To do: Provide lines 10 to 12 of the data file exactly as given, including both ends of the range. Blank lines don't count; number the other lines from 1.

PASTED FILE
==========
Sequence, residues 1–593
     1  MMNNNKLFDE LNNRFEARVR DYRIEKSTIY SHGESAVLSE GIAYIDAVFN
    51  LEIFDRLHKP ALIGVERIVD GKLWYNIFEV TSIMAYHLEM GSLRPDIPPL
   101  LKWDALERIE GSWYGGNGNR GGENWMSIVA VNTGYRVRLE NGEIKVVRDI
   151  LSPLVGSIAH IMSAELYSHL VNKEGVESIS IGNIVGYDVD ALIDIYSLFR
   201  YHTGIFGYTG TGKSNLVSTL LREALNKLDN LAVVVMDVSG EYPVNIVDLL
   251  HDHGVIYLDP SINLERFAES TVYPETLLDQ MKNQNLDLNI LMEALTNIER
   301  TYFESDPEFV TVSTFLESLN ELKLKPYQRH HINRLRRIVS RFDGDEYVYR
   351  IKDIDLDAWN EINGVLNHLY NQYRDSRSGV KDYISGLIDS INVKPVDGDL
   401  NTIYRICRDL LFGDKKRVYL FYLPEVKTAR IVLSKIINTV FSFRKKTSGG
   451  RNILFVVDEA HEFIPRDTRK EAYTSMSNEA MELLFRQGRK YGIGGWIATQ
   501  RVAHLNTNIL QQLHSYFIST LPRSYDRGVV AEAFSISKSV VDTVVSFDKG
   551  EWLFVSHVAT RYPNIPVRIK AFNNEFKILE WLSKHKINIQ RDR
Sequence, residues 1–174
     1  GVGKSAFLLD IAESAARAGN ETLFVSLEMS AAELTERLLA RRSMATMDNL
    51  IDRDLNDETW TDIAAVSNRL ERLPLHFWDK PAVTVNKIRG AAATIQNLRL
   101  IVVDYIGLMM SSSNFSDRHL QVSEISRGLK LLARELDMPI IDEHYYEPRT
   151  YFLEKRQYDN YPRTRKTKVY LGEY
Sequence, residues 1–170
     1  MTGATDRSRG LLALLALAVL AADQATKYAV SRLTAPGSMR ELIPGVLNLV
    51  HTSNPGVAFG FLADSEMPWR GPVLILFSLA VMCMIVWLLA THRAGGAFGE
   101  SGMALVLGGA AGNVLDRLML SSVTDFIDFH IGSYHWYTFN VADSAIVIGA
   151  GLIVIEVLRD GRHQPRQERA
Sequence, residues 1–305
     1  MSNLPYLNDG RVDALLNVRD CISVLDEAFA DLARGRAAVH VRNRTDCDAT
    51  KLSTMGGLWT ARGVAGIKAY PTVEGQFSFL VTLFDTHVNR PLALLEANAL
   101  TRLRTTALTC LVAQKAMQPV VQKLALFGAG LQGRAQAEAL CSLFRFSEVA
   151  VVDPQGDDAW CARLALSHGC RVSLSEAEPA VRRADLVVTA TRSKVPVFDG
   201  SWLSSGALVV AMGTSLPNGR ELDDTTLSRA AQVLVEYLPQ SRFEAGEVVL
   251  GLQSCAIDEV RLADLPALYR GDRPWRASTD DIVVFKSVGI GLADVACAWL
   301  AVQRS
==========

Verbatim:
   401  NTIYRICRDL LFGDKKRVYL FYLPEVKTAR IVLSKIINTV FSFRKKTSGG
   451  RNILFVVDEA HEFIPRDTRK EAYTSMSNEA MELLFRQGRK YGIGGWIATQ
   501  RVAHLNTNIL QQLHSYFIST LPRSYDRGVV AEAFSISKSV VDTVVSFDKG